Financial aid reduces dropout rates, yet college students are unaware of many financial resources available to them. The 2021 American Rescue Plan Act requires colleges to tell students they can apply for more aid. These evidence-based strategies can help schools create effective messages about aid to get positive responses.
In this commentary, originally published in Community College Daily, MDRC’s Alyssa Ratledge draws on years of research to make the case for the importance of adding robust support services to free tuition programs at community colleges.
A Partnership Between Child Support Agencies and Local Service Providers
The Families Forward Demonstration examined strategies to help parents with low and middle incomes make reliable child support payments by increasing employment and earnings. The model, which emphasized free occupational training activities, shows promise for helping parents qualify for jobs in their chosen fields and for improving child support compliance.
Three Years of the Detroit Promise Path Program for Community College Students
This program combines a tuition-free scholarship with additional forms of support, such as a campus coach and personalized communications, to keep students on track to graduate. A three-year evaluation shows that the program helped students stay enrolled in school and earn more credits, but had no impact on degrees earned.
A Synthesis of Post-Program Effects in Higher Education
Some education programs’ early positive effects disappear over time, while other programs have unanticipated positive long-term effects. This Issue Focus introduces The Higher Education Randomized Controlled Trials, an examination of program effects after a postsecondary education program ends, using a database drawn from 31 MDRC projects, sampling 67,400 students.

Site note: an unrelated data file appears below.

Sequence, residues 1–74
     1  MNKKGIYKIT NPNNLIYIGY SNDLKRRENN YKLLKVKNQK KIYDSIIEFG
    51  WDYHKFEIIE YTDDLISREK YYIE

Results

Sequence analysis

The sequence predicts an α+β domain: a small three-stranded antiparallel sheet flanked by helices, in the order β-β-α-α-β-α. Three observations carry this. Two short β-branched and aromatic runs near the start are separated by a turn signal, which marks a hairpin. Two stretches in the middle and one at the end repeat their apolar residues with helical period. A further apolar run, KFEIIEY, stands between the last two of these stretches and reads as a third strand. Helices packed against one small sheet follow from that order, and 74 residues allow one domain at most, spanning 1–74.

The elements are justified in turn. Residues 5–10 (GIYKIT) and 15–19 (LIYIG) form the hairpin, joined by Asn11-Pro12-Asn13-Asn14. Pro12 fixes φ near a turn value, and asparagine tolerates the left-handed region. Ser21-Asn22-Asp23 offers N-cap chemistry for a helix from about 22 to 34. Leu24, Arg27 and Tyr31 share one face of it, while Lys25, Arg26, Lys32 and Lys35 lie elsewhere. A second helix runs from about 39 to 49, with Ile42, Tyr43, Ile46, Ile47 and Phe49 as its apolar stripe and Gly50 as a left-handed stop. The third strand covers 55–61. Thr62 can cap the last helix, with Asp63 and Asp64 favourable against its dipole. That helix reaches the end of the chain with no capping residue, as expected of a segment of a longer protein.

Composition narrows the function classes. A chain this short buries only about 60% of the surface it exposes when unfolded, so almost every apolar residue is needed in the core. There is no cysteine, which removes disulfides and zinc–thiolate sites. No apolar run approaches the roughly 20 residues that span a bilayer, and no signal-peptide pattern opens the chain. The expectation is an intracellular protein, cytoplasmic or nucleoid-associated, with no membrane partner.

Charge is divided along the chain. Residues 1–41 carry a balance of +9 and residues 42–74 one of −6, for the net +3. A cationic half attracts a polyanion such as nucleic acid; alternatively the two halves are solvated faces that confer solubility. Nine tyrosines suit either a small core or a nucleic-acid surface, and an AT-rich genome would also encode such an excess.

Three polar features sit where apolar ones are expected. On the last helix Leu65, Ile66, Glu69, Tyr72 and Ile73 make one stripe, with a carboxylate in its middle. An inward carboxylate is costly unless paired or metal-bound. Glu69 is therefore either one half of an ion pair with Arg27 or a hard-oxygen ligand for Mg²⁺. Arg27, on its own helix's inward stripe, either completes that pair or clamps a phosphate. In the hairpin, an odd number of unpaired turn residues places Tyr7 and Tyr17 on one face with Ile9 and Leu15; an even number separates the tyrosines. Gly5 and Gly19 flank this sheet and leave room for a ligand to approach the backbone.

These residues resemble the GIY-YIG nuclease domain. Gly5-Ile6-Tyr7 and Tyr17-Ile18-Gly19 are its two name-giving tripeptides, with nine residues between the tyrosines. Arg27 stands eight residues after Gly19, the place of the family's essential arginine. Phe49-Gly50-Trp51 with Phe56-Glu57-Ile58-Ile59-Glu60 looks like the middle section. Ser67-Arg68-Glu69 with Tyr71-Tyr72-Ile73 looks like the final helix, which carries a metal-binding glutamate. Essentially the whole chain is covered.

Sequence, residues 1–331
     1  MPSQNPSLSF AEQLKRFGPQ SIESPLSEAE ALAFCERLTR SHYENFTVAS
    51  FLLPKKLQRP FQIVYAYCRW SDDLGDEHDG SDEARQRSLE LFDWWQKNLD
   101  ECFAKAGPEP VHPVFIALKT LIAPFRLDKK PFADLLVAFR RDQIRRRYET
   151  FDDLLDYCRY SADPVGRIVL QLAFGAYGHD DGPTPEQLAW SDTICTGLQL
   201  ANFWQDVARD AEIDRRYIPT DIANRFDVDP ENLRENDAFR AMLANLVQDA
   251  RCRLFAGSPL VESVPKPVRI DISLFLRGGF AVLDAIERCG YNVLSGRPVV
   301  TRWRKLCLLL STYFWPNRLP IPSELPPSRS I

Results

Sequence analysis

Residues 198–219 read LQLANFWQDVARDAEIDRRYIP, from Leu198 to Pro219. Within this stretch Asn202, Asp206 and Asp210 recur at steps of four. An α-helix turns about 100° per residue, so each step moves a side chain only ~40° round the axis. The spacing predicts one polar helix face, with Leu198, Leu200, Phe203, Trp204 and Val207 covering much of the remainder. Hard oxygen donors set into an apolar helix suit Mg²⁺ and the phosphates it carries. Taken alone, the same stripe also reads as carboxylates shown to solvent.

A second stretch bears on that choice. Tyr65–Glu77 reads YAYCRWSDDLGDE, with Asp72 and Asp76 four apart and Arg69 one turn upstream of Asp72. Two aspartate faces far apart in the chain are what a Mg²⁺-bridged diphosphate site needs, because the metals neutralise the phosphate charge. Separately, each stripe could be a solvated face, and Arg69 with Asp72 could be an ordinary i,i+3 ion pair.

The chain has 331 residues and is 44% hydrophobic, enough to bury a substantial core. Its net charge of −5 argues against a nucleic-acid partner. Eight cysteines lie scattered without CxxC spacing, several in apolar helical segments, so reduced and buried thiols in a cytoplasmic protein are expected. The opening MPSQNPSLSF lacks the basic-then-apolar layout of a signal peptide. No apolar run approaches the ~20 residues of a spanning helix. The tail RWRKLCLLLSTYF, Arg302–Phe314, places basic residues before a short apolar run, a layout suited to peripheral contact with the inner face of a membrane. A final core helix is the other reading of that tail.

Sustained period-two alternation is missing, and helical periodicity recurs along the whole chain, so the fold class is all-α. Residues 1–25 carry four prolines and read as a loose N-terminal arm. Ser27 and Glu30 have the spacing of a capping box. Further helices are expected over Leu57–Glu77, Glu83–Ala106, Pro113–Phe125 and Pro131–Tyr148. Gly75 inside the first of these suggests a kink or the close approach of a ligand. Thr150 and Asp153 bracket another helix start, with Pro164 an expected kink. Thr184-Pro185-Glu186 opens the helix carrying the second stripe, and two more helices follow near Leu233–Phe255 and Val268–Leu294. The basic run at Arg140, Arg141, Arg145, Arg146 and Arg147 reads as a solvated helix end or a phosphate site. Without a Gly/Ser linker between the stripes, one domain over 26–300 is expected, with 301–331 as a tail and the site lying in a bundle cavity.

When Washington state’s Division of Child Support closed its offices in March 2020 in response to COVID-19, its employment program—Families Forward Washington—kept running with minimal interruption, because the original design was based on working remotely. Its model may offer useful pointers for other service agencies for adapting to the pandemic.
Final Lessons from the EASE Project
This report presents findings from Encouraging Additional Summer Enrollment, which used behavioral insights in two informational campaigns, with and without tuition assistance, to encourage community college students to take summer classes. Both interventions increased enrollment and had a modest impact on credits earned and positive return on investment for colleges.
Students navigating the COVID-19 pandemic are facing new practical and financial concerns about continuing their studies. Colleges can encourage continued enrollment and boost student success by sending well-designed messages that address those concerns, simplify information, and offer support. This Issue Focus highlights proven strategies for communicating effectively.
Encouraging Additional Summer Enrollment
The EASE project demonstrates that it is possible to increase enrollment in summer courses and help students earn more credits using an informational campaign that incorporates behavioral science principles and tuition-assistance grants. Use this handbook to customize and implement your own summer enrollment informational campaign.
Providing Remote Support Services to College Students
SUCCESS, a comprehensive coaching program designed to improve college graduation rates among low-income students, has quickly transitioned during the pandemic. It is offering virtual advising appointments, adapting meeting topics to include tips for distance learning, and connecting students with local resources including food, health care, and emergency financial aid.